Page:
Eating here was an experience; I almost felt like I was intruding on a family BBQ, everyone else there either seemed to be close friends or family. It was nice to sit for a bit and take in Leticia life; the kids running up and down the street chasing after the ice cream vendor, motorbikes and tuk-tuks flying by, and street dogs who are savvy enough to look both ways when crossing the street, and people narrowly avoiding collisions with motorists as they cross the streets where traffic lights and stop signs don’t exist.
The next morning, it was time to set out for the jungle. Myself, along with a husband, wife, and daughter from Medellin staying at the same bed & breakfast as me were taken to Leticia’s port, another sensory overload! Leticia is on the border of Peru and Brazil, so as you go out along the river, you are staring at three different countries at once.
We made our way to a nature reserve in Peru, and spent a few hours in the jungle with our guide. He spoke no English, but I enjoyed the challenge of trying to understand what he was saying. Camila, who is about my age and the daughter of the family I was with, spoke English really well and helped translate which was so nice!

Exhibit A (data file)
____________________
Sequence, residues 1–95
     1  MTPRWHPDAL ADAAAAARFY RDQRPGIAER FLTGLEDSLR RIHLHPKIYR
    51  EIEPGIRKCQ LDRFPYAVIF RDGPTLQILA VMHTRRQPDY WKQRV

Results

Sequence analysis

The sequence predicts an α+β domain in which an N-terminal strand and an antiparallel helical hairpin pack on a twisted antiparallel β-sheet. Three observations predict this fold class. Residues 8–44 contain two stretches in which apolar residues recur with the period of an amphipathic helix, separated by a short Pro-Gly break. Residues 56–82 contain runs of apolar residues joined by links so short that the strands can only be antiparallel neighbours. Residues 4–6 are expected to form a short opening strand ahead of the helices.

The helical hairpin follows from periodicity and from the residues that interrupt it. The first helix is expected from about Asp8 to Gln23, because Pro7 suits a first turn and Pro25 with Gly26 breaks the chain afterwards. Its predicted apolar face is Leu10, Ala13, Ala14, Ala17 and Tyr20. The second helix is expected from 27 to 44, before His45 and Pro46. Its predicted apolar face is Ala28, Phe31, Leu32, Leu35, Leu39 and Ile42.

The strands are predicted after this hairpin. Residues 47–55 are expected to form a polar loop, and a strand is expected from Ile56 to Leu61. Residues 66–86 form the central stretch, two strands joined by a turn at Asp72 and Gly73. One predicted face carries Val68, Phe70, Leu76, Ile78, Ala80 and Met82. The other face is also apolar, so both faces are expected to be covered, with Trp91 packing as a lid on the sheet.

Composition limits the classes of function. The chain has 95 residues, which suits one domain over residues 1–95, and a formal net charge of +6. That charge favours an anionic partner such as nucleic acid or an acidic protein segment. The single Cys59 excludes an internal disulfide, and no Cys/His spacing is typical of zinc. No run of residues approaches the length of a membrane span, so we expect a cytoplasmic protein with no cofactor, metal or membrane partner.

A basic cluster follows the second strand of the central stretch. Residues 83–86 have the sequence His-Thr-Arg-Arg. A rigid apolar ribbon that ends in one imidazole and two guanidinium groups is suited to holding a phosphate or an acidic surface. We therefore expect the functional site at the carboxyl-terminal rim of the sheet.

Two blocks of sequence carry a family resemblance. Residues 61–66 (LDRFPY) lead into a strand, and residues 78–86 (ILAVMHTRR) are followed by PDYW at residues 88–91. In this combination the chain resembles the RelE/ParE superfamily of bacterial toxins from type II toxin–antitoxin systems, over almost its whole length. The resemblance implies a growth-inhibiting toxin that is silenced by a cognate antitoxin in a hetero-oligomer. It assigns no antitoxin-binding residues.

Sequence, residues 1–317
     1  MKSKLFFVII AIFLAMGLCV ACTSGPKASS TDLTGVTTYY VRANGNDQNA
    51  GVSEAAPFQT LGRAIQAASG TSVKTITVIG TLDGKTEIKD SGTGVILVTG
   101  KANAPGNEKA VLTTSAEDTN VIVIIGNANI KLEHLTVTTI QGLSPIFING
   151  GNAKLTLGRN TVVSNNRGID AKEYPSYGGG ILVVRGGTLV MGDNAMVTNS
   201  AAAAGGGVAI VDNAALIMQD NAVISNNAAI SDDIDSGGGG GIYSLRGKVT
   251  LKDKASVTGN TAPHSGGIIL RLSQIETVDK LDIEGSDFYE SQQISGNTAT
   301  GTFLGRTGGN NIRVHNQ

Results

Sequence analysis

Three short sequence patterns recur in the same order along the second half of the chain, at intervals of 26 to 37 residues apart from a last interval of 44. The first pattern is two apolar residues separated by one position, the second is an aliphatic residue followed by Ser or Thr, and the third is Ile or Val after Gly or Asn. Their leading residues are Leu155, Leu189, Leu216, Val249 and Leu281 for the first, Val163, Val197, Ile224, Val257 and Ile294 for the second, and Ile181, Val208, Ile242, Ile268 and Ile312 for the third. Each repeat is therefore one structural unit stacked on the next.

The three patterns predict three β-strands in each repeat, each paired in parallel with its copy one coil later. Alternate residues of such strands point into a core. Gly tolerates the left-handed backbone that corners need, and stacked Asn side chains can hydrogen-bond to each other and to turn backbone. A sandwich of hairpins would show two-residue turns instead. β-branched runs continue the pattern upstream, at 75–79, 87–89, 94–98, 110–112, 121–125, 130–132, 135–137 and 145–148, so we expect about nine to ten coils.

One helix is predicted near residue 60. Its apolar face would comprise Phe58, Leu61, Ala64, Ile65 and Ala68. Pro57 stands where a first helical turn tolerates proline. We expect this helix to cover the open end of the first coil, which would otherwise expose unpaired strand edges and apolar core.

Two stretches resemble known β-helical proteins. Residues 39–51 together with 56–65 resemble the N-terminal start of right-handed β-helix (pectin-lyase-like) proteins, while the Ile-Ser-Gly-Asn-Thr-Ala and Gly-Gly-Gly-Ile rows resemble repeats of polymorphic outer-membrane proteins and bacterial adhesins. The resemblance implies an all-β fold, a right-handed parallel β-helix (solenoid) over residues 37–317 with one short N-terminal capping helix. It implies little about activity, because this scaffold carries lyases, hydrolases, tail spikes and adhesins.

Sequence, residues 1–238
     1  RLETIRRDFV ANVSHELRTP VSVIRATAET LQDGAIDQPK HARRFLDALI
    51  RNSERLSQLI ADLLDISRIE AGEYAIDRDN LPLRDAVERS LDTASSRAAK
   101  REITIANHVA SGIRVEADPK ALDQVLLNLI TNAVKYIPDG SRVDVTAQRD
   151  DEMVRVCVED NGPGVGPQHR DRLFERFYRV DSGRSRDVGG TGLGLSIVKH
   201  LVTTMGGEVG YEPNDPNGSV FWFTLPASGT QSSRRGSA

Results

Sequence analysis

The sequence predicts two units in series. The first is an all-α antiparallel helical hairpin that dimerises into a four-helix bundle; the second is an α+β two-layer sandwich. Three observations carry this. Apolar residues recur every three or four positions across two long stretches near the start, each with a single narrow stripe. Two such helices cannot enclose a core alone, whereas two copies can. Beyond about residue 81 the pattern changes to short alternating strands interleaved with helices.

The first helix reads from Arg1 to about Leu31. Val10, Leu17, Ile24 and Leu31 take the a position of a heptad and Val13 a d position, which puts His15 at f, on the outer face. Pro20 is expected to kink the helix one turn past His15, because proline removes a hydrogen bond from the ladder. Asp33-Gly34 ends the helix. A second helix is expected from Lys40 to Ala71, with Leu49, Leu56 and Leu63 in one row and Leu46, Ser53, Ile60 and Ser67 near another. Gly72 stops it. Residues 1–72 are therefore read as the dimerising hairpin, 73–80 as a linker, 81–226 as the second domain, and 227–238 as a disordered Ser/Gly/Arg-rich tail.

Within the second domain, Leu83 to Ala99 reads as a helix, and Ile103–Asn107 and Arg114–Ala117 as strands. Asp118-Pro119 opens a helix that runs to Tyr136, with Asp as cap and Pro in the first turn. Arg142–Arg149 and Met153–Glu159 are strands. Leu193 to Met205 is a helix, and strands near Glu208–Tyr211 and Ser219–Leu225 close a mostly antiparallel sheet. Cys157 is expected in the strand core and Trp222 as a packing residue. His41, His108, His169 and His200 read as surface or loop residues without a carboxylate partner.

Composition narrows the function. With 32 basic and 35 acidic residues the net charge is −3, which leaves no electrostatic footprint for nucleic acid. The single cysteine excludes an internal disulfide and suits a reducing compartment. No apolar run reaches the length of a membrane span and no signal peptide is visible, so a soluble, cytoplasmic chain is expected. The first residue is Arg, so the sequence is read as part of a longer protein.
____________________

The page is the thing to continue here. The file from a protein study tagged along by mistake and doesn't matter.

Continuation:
The rest of the day was spent kayaking, fishing, and lazing around in hammocks. I met a Colombian named Pedro who has lived in San Francisco for the past 30 years. He said he took a spontaneous trip to the Amazon, “to escape the Super Bowl”, as he put it. He was really surprised and impressed that I decided to choose Colombia as my first South American country to visit and that I was traveling alone.